You are under contract and are expected in good faith to complete your contract. However, if there are extenuating circumstances (e.g., health problems) under which you find you are unable to continue working, please contact Nancy Wilson (email@example.com) as soon as possible.
Typically, yes. Most IAs will move on to become TAs unless their contract is not renewed. If you choose not to continue to be a TA for whatever reason, you may turn down the opportunity when it comes time to renew your contract. Other jobs on campus offer their own contracts. Typically, people are allowed to keep their campus jobs if they choose to.
All IA/TAs will receive a stipend on the 1st of the month. The salary that is offered to IAs is the same every month. The same is true for TAs. GRAs and GAs are also paid monthly.
All positions receive a set salary from October through June. There is an option to have a 12-month salary spread. If you choose to do this, there is a form you will need to complete. Generally, there will be a workshop at the beginning of the school year to go over stipend plans and other issues concerning payment.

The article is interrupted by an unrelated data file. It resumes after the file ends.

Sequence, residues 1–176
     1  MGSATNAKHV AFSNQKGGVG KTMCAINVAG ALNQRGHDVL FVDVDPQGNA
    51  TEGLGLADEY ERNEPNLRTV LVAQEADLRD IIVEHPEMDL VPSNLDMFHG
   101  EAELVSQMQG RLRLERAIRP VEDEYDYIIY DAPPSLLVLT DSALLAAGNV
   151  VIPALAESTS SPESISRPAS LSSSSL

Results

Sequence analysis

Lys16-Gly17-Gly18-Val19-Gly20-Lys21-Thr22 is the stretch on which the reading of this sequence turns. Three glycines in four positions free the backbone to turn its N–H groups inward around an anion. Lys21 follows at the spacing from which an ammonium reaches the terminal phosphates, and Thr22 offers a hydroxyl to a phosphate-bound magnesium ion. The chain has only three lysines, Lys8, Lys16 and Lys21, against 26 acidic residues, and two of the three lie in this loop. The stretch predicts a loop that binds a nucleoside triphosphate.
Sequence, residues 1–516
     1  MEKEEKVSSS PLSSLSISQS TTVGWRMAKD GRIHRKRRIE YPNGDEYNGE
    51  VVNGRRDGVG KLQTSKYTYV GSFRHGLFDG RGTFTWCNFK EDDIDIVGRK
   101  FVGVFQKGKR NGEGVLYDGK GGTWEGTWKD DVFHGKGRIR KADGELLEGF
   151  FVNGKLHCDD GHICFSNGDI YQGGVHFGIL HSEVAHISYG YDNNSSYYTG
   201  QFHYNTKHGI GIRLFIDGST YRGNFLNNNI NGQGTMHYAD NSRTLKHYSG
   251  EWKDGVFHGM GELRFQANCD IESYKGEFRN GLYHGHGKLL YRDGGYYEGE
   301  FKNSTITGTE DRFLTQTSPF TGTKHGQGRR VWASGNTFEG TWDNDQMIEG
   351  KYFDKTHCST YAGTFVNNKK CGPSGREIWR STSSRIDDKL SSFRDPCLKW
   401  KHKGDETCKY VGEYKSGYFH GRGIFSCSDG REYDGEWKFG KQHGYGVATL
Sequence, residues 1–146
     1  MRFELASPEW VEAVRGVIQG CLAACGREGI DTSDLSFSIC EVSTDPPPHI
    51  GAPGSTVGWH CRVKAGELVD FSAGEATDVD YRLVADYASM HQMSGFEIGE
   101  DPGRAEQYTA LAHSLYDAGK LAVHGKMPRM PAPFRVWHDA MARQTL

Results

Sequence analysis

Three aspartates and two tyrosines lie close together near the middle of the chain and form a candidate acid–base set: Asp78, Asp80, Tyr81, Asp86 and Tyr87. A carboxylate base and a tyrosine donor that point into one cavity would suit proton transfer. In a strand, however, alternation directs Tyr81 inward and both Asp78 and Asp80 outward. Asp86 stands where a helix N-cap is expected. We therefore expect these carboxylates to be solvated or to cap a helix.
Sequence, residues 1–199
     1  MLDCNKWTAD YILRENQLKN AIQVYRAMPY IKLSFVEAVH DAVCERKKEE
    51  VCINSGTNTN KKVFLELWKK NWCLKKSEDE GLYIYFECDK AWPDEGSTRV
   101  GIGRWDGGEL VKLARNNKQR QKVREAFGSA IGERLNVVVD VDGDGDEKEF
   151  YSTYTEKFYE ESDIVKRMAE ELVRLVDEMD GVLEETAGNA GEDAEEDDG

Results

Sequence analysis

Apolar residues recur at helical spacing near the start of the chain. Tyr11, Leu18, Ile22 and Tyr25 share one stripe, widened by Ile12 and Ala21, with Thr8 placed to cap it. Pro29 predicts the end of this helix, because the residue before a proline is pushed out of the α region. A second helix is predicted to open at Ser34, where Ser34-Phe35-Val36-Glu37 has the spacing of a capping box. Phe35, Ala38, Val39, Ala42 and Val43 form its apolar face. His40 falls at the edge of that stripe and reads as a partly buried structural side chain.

Yes and no. If you do not have an assistantship (such as an IA/TA) then you will take three classes a semester (full time) for your first two years. During your third year, you will only take two classes per semester (part time.) This will cover all your required classes. If you have an assistantship, you may take a class (such as a practicum) that you will not be charged for but that will not count towards your graduation. During your third year, you will take three classes during one semester and two classes plus a waiver in your other semester. This is will show you as full time. However, you will not pay for the waiver as a class. You will only pay for the two classes you are enrolled in.